Invasion of the Body Snatchers

Invasion of the Body Snatchers. United Artists 1979.
Invasion of the Body Snatchers. United Artists 1978.

Before watching the movie:

I don’t normally like to see remakes before the original. When I do see the 1956 version, hopefully this won’t color it too much. However, the reason this is line-jumping is because I wanted to respect the death of Leonard Nimoy and this has turned out to be pretty much the only work he was involved in available to me that I haven’t seen and is a movie.

At any rate, this is billed as a “reimagining”, and appears to do a decent job at making the story relevant to the late 70s, which is always a problem when remaking science fiction decades later. I take it from the recommendation that brought this to my attention that Nimoy’s role is fairly significant, though I don’t know much about his star capital between Star Trek leaving television and entering theaters to judge whether he was a big enough name to get on the poster for minor roles.

I don’t want to make this post all about Nimoy, but it occurs to me that I may never have seen him play an onscreen role besides Spock.

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Transylvania 6-5000

Transylvania 6-5000. Jadran Film 1985.

Before watching the movie:

I’ve heard mixed reviews about this movie. Everything from “it was awful” to “it’s not so good”. When Leonard Maltin famously reviews a film with “it stunk. I’m Leonard Maltin”, it gives me pause, but I’m hoping some of the other reviews that lean toward “it’s okay if you’re expecting a dumb comedy” are more accurate. Mismanaged expectations are one of the biggest killers of film reputations.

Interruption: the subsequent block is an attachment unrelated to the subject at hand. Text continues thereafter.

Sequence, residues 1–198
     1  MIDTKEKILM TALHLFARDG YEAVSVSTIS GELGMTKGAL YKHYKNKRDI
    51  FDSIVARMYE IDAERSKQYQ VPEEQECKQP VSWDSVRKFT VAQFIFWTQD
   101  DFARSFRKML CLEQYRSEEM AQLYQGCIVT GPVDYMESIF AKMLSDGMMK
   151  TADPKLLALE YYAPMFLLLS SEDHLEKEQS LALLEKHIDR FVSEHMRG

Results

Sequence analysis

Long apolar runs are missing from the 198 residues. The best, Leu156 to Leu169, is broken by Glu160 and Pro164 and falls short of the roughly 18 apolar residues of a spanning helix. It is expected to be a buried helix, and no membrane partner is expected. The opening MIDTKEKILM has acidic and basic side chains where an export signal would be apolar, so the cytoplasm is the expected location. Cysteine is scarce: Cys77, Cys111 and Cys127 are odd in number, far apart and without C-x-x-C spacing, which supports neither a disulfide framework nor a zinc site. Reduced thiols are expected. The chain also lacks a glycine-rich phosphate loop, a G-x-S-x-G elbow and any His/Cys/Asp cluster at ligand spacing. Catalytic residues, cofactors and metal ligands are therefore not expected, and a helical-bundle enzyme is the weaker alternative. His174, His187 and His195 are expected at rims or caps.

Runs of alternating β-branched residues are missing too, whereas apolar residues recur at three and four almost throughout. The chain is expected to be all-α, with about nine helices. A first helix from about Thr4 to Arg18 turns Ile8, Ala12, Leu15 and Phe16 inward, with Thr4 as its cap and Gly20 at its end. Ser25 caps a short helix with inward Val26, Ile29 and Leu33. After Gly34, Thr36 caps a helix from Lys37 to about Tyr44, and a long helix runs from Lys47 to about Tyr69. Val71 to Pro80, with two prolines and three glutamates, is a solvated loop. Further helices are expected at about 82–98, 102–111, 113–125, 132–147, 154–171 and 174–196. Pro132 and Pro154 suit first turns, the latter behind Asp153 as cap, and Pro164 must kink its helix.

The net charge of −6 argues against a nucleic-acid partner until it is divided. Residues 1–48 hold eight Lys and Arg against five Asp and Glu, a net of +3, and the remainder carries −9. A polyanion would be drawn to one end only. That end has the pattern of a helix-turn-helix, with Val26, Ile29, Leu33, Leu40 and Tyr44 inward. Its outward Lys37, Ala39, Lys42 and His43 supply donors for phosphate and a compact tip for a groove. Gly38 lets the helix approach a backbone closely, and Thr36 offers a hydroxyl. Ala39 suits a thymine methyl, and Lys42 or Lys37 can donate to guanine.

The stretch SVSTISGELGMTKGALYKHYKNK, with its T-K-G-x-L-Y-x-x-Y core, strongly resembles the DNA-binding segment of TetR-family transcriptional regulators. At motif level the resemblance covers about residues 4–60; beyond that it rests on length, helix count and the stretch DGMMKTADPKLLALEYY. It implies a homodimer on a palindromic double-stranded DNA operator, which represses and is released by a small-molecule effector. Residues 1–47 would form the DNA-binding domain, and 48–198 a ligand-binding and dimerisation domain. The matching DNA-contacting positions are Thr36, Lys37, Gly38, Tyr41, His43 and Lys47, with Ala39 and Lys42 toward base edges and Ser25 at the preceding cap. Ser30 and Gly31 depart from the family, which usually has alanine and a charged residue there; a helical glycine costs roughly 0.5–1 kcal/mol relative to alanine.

Also, I tend to rate more favorably than many, or at least I think I do. I’ve recently had opportunity to compare how I rate films on a five-point scale to others, and found that on such a scale, the really good movies tend to get fours unless I was especially wowed by them, which is a higher bar for me than for others. Maybe doing this blog for three years has made me harder to please.

More on-topic, I can’t imagine Jeff Goldblum turning in a bad performance. I guess I don’t really know much about Begley other than this seems to be out of the general type I put him in.

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The Fly

The Fly. Brooksfilms 1986.

Before watching the movie:

Oh. Another horror film. Even though I’m not fond of horror. I’m more interested in this because it seems more like “creepy sci-fi” than horror, though. It’s hard to even place a good handle on what “horror” is, and that’s probably because I never get as scared as I’m told I’m supposed to by horror.

It occurs to me that Jeff Goldblum is an odd choice for horror. I thought for a while that he’d actually be rather good as a victim protagonist, but then he still has to act as the human/fly monster as well. So, it should be good to see him act out of type?

I really hope I get a good, safe scare out of this. But then, can a scare really be safe and still scary?

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